Monday, September 12, 2016

It’s the Water

I’ve been following the protest in North Dakota over the pipeline, watching it swell with tribal people from across the country. The New York Times says that members from over 280 tribes are now involved. Some are coming in caravans, some by plane and foot, some Northwesterners made their final miles in large, brilliant canoes.

The Times profiled a few of the protesters. Thayliah Henry-Suppah, Paiute, of Oregon, wearing a traditional wing dress with ribbons and otter furs, said she kept this Indian proverb in mind: “Treat the earth well. It was not given to you by your parents. It was loaned to you by your children.” In her own words: “We’ve lived without money. We can live without oil, but no human being can live without water.”

Most of the Indians profiled by the Times spoke of water: “We say ‘mni wiconi’: Water is life,” said David Archambault II, the chairman of the Standing Rock Sioux, the site and center of the protest over a pipeline designed to ship oil out of North Dakota, under the Missouri River. “We can’t put it at risk, not for just us, but everybody downstream.”

It’s easy in this lush Wallowa Valley to take water for granted, although murmurs from California exiles and smoke from miles-away forest fires are troubling. This gathering of Indian peoples should be just as troubling.

It has to do with an attitude that natural resources are basically inexhaustible, and that, even as we run out of one, another resource or another technology will rise to take its place. Indians are telling us that water is the fundamental resource, and that the beaver and salmon that were taken almost to extinction by the fur trade and Columbia River canneries in the 1800s were indicators of a fundamentally flawed economy.

Beaver had been exhausted in Europe when that business marched across the middle of North America from the 1600s into the nineteenth century. In a dispute over the “jointly occupied” Oregon Territory, the British set out to trap out all of the beaver in the Columbia watersheds, thinking that this would dissuade American trappers and immigrants from occupying it. Eventually, silk or some other commodity replaced beaver felt for hats, the crisis was averted, and Americans found other reasons to settle the Northwest.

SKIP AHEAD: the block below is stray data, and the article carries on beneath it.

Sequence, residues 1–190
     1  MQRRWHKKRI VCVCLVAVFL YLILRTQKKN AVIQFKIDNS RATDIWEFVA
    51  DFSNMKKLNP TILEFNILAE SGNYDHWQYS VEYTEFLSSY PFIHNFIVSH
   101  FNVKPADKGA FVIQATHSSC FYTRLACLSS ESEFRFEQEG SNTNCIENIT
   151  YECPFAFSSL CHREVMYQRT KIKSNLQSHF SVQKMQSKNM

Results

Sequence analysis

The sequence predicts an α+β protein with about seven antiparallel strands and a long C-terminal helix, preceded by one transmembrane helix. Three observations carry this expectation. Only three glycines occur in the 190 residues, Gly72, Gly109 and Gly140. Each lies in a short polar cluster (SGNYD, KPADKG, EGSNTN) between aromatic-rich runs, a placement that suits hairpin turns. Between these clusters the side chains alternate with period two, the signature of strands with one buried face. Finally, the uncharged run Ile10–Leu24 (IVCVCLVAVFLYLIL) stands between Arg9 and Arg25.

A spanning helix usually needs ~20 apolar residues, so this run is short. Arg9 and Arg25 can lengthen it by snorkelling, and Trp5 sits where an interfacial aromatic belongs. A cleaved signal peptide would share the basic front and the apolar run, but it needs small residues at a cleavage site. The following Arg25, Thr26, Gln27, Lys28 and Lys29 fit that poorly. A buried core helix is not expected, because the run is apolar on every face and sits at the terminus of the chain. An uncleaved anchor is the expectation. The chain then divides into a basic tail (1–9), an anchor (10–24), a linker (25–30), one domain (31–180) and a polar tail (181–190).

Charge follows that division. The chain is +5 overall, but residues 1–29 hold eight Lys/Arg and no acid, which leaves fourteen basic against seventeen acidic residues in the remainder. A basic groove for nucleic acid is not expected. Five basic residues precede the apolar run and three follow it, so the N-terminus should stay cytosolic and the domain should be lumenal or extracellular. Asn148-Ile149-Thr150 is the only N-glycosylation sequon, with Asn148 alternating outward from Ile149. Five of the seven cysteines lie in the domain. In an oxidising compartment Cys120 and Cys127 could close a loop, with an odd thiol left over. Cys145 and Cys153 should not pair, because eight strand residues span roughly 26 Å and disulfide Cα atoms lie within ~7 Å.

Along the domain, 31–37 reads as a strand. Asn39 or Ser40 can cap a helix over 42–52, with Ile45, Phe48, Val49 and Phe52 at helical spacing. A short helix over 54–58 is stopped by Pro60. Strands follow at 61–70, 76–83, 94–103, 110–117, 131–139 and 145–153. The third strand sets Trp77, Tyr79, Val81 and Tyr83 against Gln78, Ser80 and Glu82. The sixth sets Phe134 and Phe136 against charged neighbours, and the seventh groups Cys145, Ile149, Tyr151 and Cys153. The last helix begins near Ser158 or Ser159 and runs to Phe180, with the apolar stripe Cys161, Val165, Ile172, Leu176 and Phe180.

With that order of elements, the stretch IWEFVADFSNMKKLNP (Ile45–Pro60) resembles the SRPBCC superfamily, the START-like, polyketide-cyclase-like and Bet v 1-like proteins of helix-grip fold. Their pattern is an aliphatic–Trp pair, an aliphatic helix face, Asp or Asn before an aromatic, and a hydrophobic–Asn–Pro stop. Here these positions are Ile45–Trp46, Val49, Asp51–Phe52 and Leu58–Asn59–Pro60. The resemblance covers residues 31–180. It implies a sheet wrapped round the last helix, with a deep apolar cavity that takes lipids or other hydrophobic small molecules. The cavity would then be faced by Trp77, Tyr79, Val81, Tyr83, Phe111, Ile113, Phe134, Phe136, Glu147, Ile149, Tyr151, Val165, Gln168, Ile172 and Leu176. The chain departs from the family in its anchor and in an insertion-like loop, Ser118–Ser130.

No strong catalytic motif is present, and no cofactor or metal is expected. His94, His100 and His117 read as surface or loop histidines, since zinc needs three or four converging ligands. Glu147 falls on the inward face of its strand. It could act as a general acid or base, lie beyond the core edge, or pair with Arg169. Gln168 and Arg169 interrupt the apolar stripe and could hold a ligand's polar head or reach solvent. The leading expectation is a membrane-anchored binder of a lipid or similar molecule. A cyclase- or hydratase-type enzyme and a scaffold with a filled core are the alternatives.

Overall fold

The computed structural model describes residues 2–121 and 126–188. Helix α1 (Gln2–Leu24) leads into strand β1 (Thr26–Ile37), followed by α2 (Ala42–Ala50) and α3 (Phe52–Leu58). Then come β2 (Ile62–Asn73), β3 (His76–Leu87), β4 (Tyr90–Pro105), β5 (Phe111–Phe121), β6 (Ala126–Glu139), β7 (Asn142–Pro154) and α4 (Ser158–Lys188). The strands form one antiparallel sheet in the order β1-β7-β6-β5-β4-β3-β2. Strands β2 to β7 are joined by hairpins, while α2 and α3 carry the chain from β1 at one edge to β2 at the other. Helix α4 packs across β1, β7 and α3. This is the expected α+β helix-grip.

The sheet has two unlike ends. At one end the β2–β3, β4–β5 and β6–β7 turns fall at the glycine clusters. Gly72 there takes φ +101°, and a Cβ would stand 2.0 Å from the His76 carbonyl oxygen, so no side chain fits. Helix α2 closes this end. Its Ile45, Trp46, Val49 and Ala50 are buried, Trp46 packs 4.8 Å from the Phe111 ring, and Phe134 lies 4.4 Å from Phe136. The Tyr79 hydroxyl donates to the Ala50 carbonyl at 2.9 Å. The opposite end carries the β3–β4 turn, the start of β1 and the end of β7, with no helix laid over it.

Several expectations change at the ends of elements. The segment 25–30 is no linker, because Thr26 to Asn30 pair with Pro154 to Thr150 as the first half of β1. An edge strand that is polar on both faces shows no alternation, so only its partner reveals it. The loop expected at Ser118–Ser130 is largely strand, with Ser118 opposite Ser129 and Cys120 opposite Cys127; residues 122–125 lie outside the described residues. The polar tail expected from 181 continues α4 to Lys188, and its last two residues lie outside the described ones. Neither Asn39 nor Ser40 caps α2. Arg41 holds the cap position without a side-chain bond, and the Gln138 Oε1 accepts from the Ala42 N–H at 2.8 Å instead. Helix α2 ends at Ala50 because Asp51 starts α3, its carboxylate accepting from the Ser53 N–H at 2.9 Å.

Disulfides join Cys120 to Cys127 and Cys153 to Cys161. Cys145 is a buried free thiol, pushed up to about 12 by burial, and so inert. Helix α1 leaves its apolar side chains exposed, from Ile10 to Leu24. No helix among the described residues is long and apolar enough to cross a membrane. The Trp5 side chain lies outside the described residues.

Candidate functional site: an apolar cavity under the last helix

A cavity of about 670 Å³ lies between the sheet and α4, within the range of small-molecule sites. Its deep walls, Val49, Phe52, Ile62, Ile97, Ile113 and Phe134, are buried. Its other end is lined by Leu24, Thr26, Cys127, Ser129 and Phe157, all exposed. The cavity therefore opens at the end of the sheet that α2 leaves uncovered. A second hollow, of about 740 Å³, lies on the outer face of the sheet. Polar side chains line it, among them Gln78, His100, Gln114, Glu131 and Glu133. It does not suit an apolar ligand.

In the first Alaskan oil rush, American whalers, who had depleted sperm whales in the Pacific Ocean, killed over 13,000 bowhead whales north of the Bearing Strait in just two decades in the mid 1800s. Needless to say, Inupiat culture, which had revolved around whaling for millennia, was severely damaged. Survivors are now rearranging lives around the twenty-first century oil business, adapting while trying to hold onto vestiges of sea culture threatened by oil spills and warming and rising oceans. It’s the water.

Our economy seems based on the consumption of whatever resource is readily available in the moment, trusting that science and capitalist good sense will discover and exploit the next resource. Good we found petroleum to replace whale oil, shale oil to replace crude, wind to replace steam and water generated electricity. And, eventually, we’ll mine the moon, asteroids, and distant planets.

The Indians bring us back, back to land and water. The Umatilla Natural Resource program has developed a presentation on “First Foods.” They argue that ancient longhouse ceremonies served foods in order of importance, and if we do the same we will be healthier and will live in a healtier environment. Clean water, of course, is first, and then salmon—think good spawning grounds, deer, roots, berries, etc.

Our Wallowa waters are the envy of many. And while local cattle ranchers argue that “there is no such thing as a bad rain,” and grass growers and ranchers measure the snowpack and gauge hay cutting and pasture moves against the year’s weather, most of us not making our living in agriculture and timber are blissfully unaware of local water dynamics. We like the look of snowcapped mountains and the rush of  rivers. We fish, or ski, snowmobile, hunt, run rivers, or sit on the beach at Wallowa Lake and enjoy the sun—and water.

A few people work to rectify twentieth century technology by putting meander back in rivers, cooling water and increasing spawning grounds. Some think about our dam—and how sockeye salmon who once flooded the Lake might be brought to it again. Immigrants from California and Central Oregon shake the dust off and water lawns and pastures. And Washington irrigators follow the dam condemnation and potential reconstruction thirstily—they’ll buy that extra water from us.

Indians from diverse cultures across the country camping in North Dakota remind us that water is not just a commodity to be bought and sold, but the fundamental principle of all life.

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Thursday, September 1, 2016